It’s impossible to not notice all of the plastic when you shop. Vegetables wrapped in plastic. Snacks wrapped in plastic often inside more plastic with a plastic tray. All of this is brand new material and most of it won’t ever be recycled.
While there are instances where plastic packaging is beneficial for the produce, for example the shrinkwrap on a cucumber extends product life by 14 days, we do not need individually plastic wrapped oranges and melon pots.
Around 40% of plastic is used in packaging, and the UK generates around 2.4 million tonnes per year of packaging waste. It may not be the most obvious thing you can do to reduce your carbon footprint, but making a few changes to how you do your weekly shop are some of the easiest ways to cut back on the amount of plastic being sent to landfill.
If you can, shopping at a local market with local produce is the best thing you can do. You can choose produce that is in season, isn’t wrapped in plastic and often for a great price.
Many local markets will have bulk options for those on a budget. The trick is to shop around and compare prices and only buy what you will use up. It might be tempting to stock up on all the fresh fruit and vegetables but there is no sense in buying something for it to go to waste. That is swapping a plastic problem for a food waste problem.
It’s the most obvious solution but avoiding plastic where you can is the best way to prevent it entering circulation. Choosing products with cardboard, recycled metal and glass over single use plastic sends a message to companies that plastic is not the way forward.
When shopping always choose recyclable materials where you can or choose products made using recycled materials.
If you can’t choose eco products then it’s still important to recycle whatever you can. With only 50% of plastic bottles and just 12-15% of mixed plastics actually being recycled, repurpose what you can too. Glass jars can be reused round the kitchen and decorated for use around the home and large plastic juice bottles can be used as airtight containers for cereals and grains.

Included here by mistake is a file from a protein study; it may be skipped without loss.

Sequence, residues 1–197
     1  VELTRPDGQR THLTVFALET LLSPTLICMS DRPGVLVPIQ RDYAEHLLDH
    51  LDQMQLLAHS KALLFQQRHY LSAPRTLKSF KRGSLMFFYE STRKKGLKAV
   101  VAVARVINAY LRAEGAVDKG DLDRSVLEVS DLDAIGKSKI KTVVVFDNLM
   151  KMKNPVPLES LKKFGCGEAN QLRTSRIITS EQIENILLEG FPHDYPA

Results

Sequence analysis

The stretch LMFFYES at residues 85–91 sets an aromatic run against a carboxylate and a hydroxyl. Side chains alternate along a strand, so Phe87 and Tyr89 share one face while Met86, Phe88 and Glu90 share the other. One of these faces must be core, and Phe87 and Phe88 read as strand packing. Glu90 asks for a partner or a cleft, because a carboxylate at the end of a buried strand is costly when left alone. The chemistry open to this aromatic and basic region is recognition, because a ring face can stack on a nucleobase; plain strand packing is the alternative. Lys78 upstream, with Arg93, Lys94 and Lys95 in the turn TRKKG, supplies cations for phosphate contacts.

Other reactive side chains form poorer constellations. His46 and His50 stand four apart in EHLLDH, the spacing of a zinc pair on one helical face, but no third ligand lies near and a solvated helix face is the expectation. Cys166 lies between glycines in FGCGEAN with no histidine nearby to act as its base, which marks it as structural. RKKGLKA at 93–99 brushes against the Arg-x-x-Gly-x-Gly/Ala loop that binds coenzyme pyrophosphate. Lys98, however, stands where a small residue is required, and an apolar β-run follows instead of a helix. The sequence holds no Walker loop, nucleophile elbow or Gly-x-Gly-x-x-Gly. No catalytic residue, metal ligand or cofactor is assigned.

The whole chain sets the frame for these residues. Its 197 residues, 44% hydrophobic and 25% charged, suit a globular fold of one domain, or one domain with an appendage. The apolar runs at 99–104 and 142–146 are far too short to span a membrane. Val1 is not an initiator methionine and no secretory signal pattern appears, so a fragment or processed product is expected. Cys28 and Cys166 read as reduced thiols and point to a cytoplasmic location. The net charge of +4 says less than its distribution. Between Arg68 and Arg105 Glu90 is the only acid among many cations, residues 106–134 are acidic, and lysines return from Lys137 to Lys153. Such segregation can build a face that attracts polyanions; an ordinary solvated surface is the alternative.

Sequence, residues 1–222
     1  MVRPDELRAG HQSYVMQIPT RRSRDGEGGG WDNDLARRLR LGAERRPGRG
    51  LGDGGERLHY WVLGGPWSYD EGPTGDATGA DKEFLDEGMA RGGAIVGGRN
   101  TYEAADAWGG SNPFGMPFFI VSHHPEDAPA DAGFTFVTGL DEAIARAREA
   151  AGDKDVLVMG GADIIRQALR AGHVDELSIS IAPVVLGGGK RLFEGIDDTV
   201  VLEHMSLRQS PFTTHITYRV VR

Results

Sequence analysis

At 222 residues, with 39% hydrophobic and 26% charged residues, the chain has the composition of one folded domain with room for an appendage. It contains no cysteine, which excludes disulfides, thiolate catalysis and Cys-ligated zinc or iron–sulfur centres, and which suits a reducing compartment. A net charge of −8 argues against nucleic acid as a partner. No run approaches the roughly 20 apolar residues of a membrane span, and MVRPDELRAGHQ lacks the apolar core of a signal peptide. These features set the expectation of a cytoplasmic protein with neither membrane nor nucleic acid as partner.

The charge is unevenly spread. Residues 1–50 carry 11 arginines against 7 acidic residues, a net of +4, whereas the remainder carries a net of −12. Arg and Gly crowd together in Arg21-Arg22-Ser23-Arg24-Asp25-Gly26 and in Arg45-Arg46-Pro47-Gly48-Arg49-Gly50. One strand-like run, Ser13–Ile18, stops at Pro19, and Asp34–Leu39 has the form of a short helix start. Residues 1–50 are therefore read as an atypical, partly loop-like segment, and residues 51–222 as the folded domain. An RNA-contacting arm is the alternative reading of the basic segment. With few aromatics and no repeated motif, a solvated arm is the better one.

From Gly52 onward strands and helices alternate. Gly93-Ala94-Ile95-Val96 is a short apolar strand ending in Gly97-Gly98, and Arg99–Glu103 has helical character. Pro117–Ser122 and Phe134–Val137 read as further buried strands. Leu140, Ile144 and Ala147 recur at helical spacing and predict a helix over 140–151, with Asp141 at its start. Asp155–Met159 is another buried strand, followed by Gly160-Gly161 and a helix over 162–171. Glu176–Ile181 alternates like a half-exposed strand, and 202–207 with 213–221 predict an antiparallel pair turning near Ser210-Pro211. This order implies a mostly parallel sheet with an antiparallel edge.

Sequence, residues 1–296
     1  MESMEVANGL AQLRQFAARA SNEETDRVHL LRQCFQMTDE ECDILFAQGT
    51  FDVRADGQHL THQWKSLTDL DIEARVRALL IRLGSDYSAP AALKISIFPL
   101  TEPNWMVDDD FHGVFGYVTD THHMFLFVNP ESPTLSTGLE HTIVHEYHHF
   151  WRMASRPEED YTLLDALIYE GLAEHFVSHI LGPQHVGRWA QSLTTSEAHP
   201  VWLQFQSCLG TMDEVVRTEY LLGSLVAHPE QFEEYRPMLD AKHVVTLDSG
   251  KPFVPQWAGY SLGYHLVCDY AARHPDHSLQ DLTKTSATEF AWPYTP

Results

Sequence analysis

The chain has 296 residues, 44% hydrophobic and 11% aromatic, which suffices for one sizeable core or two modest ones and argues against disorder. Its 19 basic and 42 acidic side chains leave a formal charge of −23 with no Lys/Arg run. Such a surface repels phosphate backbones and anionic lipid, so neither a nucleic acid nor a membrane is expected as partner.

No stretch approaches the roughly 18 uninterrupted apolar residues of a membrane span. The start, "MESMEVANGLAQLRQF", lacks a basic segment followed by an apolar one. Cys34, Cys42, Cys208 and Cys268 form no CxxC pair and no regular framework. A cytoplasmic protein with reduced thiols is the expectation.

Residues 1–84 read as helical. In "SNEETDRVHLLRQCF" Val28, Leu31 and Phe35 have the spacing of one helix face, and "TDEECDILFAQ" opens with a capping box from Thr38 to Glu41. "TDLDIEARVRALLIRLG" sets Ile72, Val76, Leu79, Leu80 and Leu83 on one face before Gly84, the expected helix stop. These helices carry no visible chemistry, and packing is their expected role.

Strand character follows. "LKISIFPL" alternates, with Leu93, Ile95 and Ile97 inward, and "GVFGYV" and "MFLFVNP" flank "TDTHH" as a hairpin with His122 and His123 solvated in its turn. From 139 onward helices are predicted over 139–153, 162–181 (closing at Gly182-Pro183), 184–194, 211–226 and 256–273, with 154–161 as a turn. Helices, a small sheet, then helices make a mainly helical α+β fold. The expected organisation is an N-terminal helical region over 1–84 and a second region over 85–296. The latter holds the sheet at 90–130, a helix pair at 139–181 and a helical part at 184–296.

Remember your canvas bags
Bags for life were sold as a sustainable way to reduce plastic waste while you shop because there would be no more single use bags going into landfill. However, in the UK we are still buying bags for life which means more plastic in circulation. A study found that UK households are getting through 54 ‘bags for life’ each year suggesting that they are being used as a bag for a week. This makes them a poor option if you’re looking for an eco alternative as these bags will take even longer to break down because they are “sturdy”.
While cotton tote bags aren’t the most environment friendly option either because of the process of manufacturing and harvesting cotton, they will last a lot longer and are a far better option for the weekly shop. If you want to make fabric bags even more eco friendly, why not thrift some cotton material or turn an old t-shirt into a produce bag.
Being able to make changes to how sustainably you complete your weekly shop is a privilege. There are those who set up unrealistic expectations that state everything must be plastic free, organic and this is the only way to shop.
With food desserts, poverty and food banks becoming the normal thing for many people across the world, being super green while you shop is not always a possibility. If you cannot afford to do these things, don’t stress about it.
If you can make a change these are some great ways to cut down on plastic and reduce your individual carbon footprint.
While we know that the main polluters of the planet are the large companies refusing to take action. That being said, we still need everyone to be aware of their impact on the environment and to take steps to reduce individual effects. This alongside campaigning for change to policy and global attitudes is how we’ll make a real difference.
So, you’re ready to get started with being more sustainable and eco friendly. Then you Google ways to be green and become overwhelmed with all of the options. This is where we started! It can be so daunting trying to begin going zero waste, we’re not all the way there yet either. What’s a good swap? How easy is it to maintain this new habit? Do you have to buy expensive products to get started?
We’ve done the beginner work and we’ve got these simple swaps you can make, that you’ll actually be able to stick to.
Swap cotton rounds for sustainable bamboo ones
If you’re someone that wears makeup or follows a skin care regime chances are you have seen cotton rounds in your bathroom. If you’re a big fan of makeup you’ve probably got an instagram worthy jar filled with them at this very moment.